I think Ive seen these more than 10 times each, Grease, Zangiku Monogatari, Singin’ in the Rain, That’s Entertainment III, Naked Gun, Sansho Dayu, Magnolia, I Was Born But, A Woman Under the Influence, Snow White and the Seven Dwarfs, and Milestones.
@JAZZ “Not exactly what I had in mind, but close enough—and it’s an interesting angle. I think there’s a better chance of me having movies as comfort food rather than movies I never tire of.”
I think it could be a combination of both.
Ok, I can’t explain why but I’ve seen these around 40 times throughout the years-
BAD DAY AT BLACK ROCK (Sturges)
FOUR ADVENTURES OF REINETTE AND MIRABELLE (Rohmer)- not on dvd, and my vhs is totally worn-out.
STRAY DOG (Kurosawa)
GREGORY’S GIRL (Forsyth)
LES BONNES FEMMES (Chabrol)
AN AUTUMN AFTERNOON (Ozu)
PHANTOM OF LIBERTY (Bunuel)
REAR WINDOW (Hitchcock)
THAT MAN FROM RIO (de Broca)
OPERATION PETTICOAT (Edwards)
GHOST WORLD (Zwigoff)
LOCAL HERO (Forsyth)
The Battle of Algiers
The Big Lebowski
It’s a Wonderful Life
Pee Wee’s Big Adventure
The Iron Giant
The Godfather Part II
On the Waterfront
Night of the Living Dead
Scott Pilgrim vs. The World
Star Wars: A New Hope
The Empire Strikes Back
Dang it, I forgot about
DAWN OF THE DEAD (Romero) 50+
ONLY YESTERDAY (Takahata/ Ghibli)
I like films that challange me on a rational level. The ones that I could always get back to however, are first and foremost the films that catch me on a purley emotional/aesthetic level and I often cease to analyse the material in detail…. :) Most of the entries also have a strong musical direction IMO.
Eternal Sunshine of the Spotless Mind
Grave Of The Fireflies
Night on Earth
Ghost in the Shell
The Elephant Man
All About My Mother
Last Life in the Universe
My Neighbor Totoro
Rurouni Kenshin: Trust & Betrayal
Ghost Dog: The Way of the Samurai
Crouching Tiger, Hidden Dragon
Sympathy for Mr. Vengeance
5 Centimeters per Second
Linda Linda Linda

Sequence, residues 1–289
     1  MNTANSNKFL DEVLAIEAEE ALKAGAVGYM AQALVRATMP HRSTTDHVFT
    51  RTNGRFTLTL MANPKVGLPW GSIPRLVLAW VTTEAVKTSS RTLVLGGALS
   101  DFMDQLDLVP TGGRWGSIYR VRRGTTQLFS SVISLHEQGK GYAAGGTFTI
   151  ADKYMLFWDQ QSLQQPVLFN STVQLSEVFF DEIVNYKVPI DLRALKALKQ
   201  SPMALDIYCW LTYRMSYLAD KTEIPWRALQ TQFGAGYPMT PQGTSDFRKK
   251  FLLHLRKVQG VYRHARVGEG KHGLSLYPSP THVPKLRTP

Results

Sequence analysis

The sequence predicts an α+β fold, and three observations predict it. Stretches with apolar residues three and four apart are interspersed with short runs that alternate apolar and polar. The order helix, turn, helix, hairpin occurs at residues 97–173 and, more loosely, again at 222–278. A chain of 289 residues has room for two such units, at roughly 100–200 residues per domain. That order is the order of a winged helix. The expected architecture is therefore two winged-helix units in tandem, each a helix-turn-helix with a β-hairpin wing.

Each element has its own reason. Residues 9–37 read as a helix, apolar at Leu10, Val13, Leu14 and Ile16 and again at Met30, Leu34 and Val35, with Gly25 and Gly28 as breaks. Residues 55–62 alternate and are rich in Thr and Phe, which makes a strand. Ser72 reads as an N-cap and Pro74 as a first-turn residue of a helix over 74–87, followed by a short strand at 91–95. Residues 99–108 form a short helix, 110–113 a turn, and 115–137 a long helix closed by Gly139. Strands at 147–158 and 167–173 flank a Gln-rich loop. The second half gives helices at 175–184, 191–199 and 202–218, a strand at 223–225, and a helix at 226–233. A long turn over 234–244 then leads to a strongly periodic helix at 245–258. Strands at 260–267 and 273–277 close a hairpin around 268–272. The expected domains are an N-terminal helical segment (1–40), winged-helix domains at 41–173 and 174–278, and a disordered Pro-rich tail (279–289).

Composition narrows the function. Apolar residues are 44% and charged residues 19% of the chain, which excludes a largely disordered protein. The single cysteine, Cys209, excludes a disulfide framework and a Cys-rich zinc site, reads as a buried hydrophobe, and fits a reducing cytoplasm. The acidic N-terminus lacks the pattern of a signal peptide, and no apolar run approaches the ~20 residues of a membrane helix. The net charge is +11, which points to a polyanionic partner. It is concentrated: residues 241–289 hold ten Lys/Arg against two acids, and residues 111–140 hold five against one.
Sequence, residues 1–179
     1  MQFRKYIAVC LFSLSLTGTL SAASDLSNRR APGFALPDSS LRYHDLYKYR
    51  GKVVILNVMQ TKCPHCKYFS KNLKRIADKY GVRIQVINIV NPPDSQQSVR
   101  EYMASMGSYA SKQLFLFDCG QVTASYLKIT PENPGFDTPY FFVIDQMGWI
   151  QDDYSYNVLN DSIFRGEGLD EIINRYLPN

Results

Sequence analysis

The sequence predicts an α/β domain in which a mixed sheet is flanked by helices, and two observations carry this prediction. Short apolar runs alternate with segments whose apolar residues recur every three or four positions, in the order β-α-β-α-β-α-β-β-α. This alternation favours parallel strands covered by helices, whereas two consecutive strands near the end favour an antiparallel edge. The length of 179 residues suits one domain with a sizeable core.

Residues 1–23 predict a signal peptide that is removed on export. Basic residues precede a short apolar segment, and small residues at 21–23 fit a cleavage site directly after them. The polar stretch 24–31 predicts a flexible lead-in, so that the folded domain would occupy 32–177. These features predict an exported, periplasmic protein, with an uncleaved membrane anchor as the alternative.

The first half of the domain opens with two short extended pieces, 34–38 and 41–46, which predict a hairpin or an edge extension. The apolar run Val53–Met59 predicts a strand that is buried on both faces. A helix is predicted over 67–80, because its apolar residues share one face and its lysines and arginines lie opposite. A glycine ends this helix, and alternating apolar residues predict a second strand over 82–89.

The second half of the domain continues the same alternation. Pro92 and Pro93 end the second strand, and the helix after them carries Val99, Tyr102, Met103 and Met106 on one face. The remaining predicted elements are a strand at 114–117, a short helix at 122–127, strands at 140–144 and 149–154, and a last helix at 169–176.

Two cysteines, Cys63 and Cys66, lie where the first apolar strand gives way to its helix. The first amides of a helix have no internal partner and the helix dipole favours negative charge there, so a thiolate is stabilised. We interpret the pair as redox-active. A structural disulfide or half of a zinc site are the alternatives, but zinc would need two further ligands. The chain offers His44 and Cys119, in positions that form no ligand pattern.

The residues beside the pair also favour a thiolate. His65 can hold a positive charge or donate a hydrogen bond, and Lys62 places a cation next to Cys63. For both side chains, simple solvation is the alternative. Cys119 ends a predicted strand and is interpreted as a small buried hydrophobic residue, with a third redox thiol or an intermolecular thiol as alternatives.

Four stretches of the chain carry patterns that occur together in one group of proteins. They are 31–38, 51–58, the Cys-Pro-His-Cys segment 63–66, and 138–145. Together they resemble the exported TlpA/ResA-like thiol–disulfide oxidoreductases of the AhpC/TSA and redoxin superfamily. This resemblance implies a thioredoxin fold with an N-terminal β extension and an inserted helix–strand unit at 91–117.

The Taste of Tea
For me it’s Chungking Express, Clerks, Ghost World, Firefly – Serenity, Darjeeling Limited.
mine are all comedies: A New Leaf, Caddyshack, Kingpin, Uncle Buck, Fletch, The Producers, anything with Laurel and Hardy, anything with WC Fields, Woody Allen in his “early, funny” period, Tex Avery cartoons ..
I watch The Godfather 1&2 once every year. I find it soothing, they remind me of why I’m into this stuff in the first place.
Refn’s Drive is a new one I’ll watch multiple times each year.
Just last night, I watched a film that I’ve seen umpteen times before. Thing was, I was screening it for someone who’d never heard of it before, let alone watched it.
I thought that might be why I enjoyed it…again…so much, seeing it “through their eyes”. But actually, no. I truly, personally loved re-watching this 20-year-old film.
Just now, I scanned everyone’s post on this thread. Not only hasn’t this movie been mentioned, not one of these posts mentions a single film from the genre. No one has selected a documentary.
Mine is “Paris is Burning”.
Man With a Movie Camera
Journey To Italy
Histoire(s) du cinema
Lady From Shanghai
Oddly, The Last Bolshevik
There is more.
Paris is Burning! ++
I always watch good documentaries a couple of times, especially if they contain conversations with some of the people I admire.
Ghost World, Mean Girls (yeah, I know…), Vivre Sa Vie, Manhattan, Pulp Fiction, Billy Elliot :)
To Kill A Mockingbird
Most Hitchcock Movies
Out Of The Past
The Big Heat
The Year My Voice Broke
In A Lonely Place
The Maltese Falcon
Most Bogart movies.
Monty Python and The Holy Grail
Some Like It Hot
Cool Hand Luke
The Shawshank Redemption.